We walked up Bull Street to Forsyth Park, admiring its postcard-perfect, two-tiered fountain, and got our caffeine fix at the Sentient Bean, an indie coffeehouse–performance venue. On our return loop, we took Drayton Street up the east side of the park, mostly to ogle the opulent Mansion on Forsyth Park, a Victorian-era hotel with grand Romanesque architecture. Then we walked riverward, lingering at Lafayette Square to take in Flannery O’Connor’s birth home, in the shadow of the Cathedral of St. John the Baptist.
Dinner at the Westin’s Aqua Star restaurant offered both a spectacular waterfront view and superior hotel fare. Skip the buffet and go for chef specials like saffron-imbued Lowcountry seafood stew or potpie bursting with crab, scallops, and local veggies. After s’mores at the riverside fire pit, we headed upstairs, discovering that the hotel TV plays an endless loop of Midnight in the Garden of Good and Evil, the movie version of John Berendt’s bestselling account of a scandalous Savannah murder trial and the city’s social eccentrics.
Saturday, still in a Midnight mood, we breakfasted at Clary’s Cafe, a diner that retains a shabby charm despite celebrity status in both book and movie. Our main morning agenda was the SCAD Museum of Art, a marvel of retrofitted structures. The new expansion marries the original Greek Revival space in the 1853 Central of Georgia Railroad headquarters with ruins of the rail depot and sleek new classroom and gallery space, creating an 82,000-square-foot complex. Highlights include African American art from the Walter O. Evans collection, a robust photography selection, and the André Leon Talley Gallery, named for the legendary Vogue stylist and showcasing design and fashion.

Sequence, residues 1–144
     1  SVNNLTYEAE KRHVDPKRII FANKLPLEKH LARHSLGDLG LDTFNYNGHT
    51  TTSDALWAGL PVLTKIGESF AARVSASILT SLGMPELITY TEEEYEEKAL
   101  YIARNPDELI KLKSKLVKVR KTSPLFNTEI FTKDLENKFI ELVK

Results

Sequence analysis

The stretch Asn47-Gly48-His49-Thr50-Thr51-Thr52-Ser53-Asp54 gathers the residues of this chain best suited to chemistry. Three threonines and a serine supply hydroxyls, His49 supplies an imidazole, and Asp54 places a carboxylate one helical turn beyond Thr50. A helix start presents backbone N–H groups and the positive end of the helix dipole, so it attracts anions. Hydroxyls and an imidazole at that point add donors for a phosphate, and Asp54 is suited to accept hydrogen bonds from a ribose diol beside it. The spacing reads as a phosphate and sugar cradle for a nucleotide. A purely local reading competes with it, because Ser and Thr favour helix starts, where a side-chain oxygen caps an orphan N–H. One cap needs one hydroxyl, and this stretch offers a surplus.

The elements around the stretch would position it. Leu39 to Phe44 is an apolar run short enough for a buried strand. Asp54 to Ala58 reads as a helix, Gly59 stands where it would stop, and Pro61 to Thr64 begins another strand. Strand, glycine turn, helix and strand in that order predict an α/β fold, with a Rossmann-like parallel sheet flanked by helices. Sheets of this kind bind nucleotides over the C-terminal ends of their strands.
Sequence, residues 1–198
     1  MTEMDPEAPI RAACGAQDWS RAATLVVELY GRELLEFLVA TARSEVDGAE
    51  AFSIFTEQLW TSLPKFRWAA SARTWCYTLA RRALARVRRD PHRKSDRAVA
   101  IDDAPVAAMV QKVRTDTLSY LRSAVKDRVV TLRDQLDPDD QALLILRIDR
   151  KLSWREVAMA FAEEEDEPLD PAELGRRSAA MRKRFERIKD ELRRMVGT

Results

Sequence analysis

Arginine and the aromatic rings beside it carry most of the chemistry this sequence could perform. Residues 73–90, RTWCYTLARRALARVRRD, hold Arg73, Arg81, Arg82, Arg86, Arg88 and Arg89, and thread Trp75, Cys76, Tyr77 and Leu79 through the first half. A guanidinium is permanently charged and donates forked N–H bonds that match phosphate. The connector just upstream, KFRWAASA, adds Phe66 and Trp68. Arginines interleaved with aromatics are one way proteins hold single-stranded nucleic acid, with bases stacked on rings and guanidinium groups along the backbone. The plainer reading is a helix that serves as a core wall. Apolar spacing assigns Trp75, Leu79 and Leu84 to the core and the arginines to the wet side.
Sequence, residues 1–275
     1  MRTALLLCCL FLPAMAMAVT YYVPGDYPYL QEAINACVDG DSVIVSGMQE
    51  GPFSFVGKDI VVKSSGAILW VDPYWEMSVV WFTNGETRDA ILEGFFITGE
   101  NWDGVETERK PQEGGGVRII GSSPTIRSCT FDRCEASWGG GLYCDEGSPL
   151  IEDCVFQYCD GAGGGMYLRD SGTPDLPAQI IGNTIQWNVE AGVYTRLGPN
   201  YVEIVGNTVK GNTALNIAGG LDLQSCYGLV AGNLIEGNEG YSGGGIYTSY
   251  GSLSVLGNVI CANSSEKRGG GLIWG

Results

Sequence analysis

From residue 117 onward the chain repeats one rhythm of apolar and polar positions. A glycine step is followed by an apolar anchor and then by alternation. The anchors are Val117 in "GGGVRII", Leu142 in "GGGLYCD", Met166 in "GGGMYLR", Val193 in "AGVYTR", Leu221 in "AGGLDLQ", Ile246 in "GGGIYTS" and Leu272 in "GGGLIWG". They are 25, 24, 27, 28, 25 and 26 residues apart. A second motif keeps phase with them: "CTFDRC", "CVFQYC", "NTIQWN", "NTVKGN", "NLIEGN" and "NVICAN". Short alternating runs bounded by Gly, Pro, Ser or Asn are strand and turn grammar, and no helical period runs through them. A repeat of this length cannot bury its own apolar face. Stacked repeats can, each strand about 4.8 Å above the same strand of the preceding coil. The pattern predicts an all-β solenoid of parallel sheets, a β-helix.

The Distillery was nearby for lunch. The easy-going gastropub is located in a distillery that became a pharmacy during Prohibition (while reportedly churning out bathtub gin in second-floor lavatories). The bar’s been restored to its pre–Comstock era mahogany grandeur and offers close to 100 bottled beers and craft drafts such as Original Sin Cider.
Fortified, we meandered over to Broughton Street, the main shopping thoroughfare, to take in local favorites like the Paris Market & Brocante, a sort of two-story European flea market, and Zia, a boutique of handmade jewelry designs. We savored more comestible history at Leopold’s Ice Cream, still serving recipes concocted by its founders in 1919.
The rest of the evening, we explored artists’ tents as Telfair at Twilight got into swing. With the twangy Americana of local band the Train Wrecks in the background and great globes of lanterns suspended over the streets and squares, we paused for a to-go cup and headed back to the harbor, awarding ourselves a merit badge in Savannah culture.
This article originally appeared in our April 2012 issue.